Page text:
My, and a good chunk of Suffolk's, dislike for him is crystallised on an evening last November at Portman Road when he and Alan Young contrived to produce one of the worst collective performances of officiating possibly of all time at Portman Road against Wycombe. I'm sure it has been well documented on here.  He had also walked away mid pre-season friendly at Coggeshall as he was unhappy with the durations of play and number of substitutes the teams wanted and the match was refereed to a conclusion by club staff.

He seems to have the eye of people that matter and making a couple of catastrophic errors on the line doesn't really seem to hold back the chosen ones.

Did you go in their new stand? Its debut a couple of weeks back was abandoned after the referee decided that the fog, he'd manfully struggled through for most of the second half and which was lifting, had suddenly become too thick to complete the last few minutes of the game.

I hope you enjoyed your visit to Suffolk.


" 0ne of the worst collective performances of officiating possibly of all time at Portman Road" is one heck of a claim. One's mind goes back to Topsy Turvey, the appalling Jim Ashworth, the hapless B M L James to name but three who richly deserve this accolade. And yet, and yet, Young and his Assistants produced a performance of such ineptness with so many clearly wrong decisions resulting in total unfairness through failing to control a match ( on one of my rather rare visits to Portman Road I had the misfortune to witness the spectacle ) that not even the three aforementioned referees, as hopeless as they were, quite plumbed the depths of dreadfulness as did Young and his crew on that occasion.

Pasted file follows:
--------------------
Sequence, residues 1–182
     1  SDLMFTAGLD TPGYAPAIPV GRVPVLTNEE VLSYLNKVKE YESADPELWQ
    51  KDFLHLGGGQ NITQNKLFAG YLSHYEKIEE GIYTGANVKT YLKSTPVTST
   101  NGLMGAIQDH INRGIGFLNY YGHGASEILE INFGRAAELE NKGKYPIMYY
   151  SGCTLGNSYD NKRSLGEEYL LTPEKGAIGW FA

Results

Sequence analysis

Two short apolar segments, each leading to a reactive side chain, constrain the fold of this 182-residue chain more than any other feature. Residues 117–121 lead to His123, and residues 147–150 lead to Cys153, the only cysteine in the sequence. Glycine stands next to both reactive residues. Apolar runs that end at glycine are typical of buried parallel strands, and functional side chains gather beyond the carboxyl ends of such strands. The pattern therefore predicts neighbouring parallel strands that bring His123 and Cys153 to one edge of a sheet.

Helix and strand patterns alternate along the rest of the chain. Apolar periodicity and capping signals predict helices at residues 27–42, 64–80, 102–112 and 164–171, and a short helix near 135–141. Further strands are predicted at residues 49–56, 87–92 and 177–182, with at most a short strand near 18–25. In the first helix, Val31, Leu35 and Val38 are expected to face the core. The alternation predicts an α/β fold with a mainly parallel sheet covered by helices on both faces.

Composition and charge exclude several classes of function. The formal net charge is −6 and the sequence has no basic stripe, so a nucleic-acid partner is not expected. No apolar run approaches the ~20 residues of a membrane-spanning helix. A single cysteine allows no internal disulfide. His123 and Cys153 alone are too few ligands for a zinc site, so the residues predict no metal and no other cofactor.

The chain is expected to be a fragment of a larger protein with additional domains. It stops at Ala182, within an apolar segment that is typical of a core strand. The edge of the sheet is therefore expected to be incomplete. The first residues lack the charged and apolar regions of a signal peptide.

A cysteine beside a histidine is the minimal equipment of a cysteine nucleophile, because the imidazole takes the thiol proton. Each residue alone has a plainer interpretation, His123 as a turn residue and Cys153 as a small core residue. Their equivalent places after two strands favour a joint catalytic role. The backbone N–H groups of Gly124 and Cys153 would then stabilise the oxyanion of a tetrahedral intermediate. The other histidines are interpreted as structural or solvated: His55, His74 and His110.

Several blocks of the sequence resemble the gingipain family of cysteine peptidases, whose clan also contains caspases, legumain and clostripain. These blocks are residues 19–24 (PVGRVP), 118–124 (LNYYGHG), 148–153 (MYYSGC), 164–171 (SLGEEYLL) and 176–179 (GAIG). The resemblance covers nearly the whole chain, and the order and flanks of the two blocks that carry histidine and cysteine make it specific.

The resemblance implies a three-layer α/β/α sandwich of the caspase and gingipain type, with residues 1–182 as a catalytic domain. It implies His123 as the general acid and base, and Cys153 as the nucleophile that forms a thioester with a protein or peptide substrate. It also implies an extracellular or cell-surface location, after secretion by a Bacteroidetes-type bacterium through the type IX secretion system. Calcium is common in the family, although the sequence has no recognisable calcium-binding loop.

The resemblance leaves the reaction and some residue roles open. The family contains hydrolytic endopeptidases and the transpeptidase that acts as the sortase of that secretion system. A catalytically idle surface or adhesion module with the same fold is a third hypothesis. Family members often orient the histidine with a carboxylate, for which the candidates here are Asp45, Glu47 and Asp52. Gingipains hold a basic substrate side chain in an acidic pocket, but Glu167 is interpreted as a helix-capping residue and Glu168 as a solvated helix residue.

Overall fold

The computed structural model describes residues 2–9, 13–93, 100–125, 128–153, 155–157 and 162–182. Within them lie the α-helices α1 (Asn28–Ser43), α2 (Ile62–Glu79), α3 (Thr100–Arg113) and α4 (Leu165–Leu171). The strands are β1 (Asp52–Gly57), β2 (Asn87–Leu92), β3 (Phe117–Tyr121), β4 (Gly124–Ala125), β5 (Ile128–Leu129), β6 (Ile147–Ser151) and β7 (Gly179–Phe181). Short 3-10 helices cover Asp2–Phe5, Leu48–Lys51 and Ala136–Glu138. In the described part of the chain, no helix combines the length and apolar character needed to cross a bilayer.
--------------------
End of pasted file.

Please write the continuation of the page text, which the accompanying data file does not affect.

If Farmer has been annointed then his progress will continue apace irrespective of the quality of his performances. Of that I am sure.

I hope you are quickly restored to rude health m'learned friend. Some consolation that East Anglia appears to be one of the more healthy parts of the Kingdom Covid wise. Here in Herts we have avoided Tier 2 for now but I suspect it is on its way.
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mutn3

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Re: Pyramid Patrol 2020/21
« Reply #68 on: Thu 15 Oct 2020 18:01 »
SELSTON V NEWARK
Midland Football League
Score 1:4
Att: head count of @ 120
Match difficulty 2/5
match quality 3/5

Referee. Callum Fisk. L4

(I left, frozen, after 78 mins)

The Parish ground of Selston, just a mile off the M1, hugs the Nottinghamshire and Derbyshire border. It is shared by cricket and football, and was officially opened by Harold Larwood and Sam Staples in the early 1930's.

IfJCFC cares to travel, his nearest stations are Kirkby in Ashfield or Alfreton. "Near" is, of course, relative. Alfreton was, once upon a time, suggested as the best connection for Mansfield Town FC, and the seven mile walk would have impressed many on the Football Specials of the 70s and 80s!

Junior teams, Senior teams, past and present adorn the pavilion. Teas and coffees with a smile, and a free temperature check thrown in. It is of the time I'm afraid, but Selston FC is homely, and is probably why I spent twenty or so years here, getting hit into the bowling green over Long Off.

Not knowing my Midland League from my mushy peas, all I can say is one side are the Dutch orange, and they appear to be up against Inter Milan. The referee would be difficult to pick up all night because of the home team's kit. If a referee is to be unobtrusive wherever possible, an all black kit against a blue and black kit does the job!